Kunjur said that while the Forest Rights Act provided power and rights to the Adivasis, the recent developments seem to deny the rights and power of the Adivasis.

The forest department is only an external force which cannot be given absolute powers to harass the Adivasis or change the character of Indian forests, he added.

"Instead of Implementing the Forest Rights Act, the government today is attempting to take back the rights of the Adivasis on forests. We unanimously oppose such an attempt," he declared.

"As if this was not enough the proposed draft amendments to the Indian Forest Act 1927, far from correcting the injustice done to these communities seeks to put unbridled power in the hands of the forest Department ignoring the work done by forest dwellers and forest dependent communities to protect and manage the forests that they are dependent on."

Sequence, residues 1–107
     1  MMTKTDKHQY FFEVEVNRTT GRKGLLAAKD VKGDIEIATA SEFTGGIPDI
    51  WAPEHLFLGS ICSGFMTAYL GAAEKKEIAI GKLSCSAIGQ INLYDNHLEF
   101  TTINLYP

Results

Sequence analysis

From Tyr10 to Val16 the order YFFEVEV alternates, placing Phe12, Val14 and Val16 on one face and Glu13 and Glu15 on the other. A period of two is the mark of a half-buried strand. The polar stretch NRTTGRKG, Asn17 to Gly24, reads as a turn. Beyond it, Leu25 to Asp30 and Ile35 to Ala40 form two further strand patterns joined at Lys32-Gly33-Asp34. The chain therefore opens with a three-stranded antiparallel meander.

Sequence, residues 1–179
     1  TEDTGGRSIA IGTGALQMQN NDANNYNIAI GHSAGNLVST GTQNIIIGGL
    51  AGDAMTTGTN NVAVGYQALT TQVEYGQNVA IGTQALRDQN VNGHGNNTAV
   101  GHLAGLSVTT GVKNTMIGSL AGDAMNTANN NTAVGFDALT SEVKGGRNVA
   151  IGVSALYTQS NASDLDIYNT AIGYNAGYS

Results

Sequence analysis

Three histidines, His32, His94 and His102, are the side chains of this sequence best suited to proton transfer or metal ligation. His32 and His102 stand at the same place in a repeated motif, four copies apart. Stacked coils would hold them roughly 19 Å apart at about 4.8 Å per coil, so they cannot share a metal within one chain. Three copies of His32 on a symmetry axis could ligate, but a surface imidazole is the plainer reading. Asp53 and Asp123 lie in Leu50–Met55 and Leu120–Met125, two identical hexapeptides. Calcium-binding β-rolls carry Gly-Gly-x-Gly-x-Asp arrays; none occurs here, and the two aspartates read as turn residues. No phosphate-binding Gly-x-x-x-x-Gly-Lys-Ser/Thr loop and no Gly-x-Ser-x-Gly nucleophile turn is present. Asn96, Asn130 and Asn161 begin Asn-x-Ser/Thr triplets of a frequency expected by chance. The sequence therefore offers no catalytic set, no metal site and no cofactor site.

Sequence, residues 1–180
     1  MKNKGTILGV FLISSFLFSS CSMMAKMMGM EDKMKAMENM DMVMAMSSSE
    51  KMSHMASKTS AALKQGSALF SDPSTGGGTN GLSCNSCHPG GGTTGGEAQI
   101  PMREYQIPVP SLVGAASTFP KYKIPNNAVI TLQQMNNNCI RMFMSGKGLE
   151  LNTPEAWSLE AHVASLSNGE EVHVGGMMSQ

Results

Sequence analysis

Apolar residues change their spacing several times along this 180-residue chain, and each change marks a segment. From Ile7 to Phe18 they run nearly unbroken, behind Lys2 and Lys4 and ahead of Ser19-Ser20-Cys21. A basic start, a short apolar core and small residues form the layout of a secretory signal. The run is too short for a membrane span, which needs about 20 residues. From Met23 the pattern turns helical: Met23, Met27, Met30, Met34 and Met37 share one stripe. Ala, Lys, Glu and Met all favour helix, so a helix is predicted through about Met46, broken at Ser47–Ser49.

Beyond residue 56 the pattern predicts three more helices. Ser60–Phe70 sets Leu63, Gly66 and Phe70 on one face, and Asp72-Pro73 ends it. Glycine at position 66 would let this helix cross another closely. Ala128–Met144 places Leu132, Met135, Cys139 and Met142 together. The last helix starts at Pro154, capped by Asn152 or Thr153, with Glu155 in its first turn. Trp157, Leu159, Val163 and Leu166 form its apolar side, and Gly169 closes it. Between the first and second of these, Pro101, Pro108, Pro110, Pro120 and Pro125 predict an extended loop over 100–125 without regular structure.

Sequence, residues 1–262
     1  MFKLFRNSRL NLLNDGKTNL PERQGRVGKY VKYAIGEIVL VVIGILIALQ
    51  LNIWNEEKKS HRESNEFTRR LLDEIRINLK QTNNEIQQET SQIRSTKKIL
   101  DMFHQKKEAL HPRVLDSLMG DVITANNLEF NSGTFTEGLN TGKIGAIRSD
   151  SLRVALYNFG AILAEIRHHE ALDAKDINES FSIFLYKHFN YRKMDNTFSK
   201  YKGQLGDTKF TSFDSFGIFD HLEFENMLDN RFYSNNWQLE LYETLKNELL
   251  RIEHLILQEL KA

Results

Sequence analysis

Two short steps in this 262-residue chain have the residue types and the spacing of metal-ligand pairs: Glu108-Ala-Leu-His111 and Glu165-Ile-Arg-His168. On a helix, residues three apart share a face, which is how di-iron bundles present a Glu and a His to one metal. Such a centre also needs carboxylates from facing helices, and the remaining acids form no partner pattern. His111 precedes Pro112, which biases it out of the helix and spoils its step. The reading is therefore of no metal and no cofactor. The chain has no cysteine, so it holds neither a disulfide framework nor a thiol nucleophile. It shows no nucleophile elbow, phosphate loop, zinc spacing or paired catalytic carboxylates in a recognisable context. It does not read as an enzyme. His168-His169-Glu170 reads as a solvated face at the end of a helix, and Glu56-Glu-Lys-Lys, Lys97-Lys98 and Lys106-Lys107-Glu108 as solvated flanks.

"We would therefore like to bring upfront the following experiences as a concrete way to demonstrate what the Forest Rights Act should be about and a possible road map to bring to the forefront the twin issues of conservation and livelihoods for sustainable governance of the forests," he said on behalf of the AIFFRS.

Kunjur pointed to the experience of Jharkhand Jungle Bachao Andolan to assert community rights in the forest as a means of not only asserting livelihood rights but also the culture of Adivasis which is intrinsic to forests and the survival of both. "A similar, though different journey, has been traversed by Adivasi Jan Utthan Trust in Bhekadia which is working closely with Fenai Mata Revakhand Jaiv Shristi Mandal a federation of 42 villages in the blocks of Kavant and Naswadi in Chhota Udepur District of Gujarat," he said.

According to him, in South India, Rights-based organisations, which function under the National Adivasi Alliance (NAA), are working with the Adivasi community to ensure implementation of the Forest Rights Act, 2006 and Compensatory Afforestation Fund Act, 2016 activities to safeguard the livelihood resources for the community and conserve and maintain the bio-diversity in the forest land.